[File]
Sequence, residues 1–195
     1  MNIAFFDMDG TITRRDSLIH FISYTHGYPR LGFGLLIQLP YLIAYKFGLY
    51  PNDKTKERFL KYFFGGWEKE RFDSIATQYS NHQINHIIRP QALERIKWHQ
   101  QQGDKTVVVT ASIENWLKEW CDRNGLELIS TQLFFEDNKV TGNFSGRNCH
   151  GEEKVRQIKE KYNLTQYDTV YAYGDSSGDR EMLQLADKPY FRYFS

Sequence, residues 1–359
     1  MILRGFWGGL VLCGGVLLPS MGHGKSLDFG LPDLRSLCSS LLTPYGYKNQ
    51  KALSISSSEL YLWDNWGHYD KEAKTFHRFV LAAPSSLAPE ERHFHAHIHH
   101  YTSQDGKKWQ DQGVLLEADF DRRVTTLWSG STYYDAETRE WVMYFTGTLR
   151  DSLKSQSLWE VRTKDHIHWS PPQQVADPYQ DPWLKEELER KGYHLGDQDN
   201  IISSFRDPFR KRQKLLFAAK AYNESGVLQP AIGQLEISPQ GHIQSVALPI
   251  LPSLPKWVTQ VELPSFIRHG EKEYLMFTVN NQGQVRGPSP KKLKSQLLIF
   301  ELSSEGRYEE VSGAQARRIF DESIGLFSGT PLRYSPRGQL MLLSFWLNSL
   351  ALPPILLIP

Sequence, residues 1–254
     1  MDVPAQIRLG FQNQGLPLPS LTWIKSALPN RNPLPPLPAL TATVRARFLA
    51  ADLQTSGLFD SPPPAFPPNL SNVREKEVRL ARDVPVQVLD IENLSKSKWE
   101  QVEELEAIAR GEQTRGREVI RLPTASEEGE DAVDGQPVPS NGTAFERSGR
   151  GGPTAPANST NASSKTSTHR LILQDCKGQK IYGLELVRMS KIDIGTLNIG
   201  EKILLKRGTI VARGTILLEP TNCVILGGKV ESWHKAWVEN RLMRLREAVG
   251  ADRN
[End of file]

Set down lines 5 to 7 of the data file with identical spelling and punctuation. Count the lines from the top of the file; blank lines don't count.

   151  GEEKVRQIKE KYNLTQYDTV YAYGDSSGDR EMLQLADKPY FRYFS

Sequence, residues 1–359
     1  MILRGFWGGL VLCGGVLLPS MGHGKSLDFG LPDLRSLCSS LLTPYGYKNQ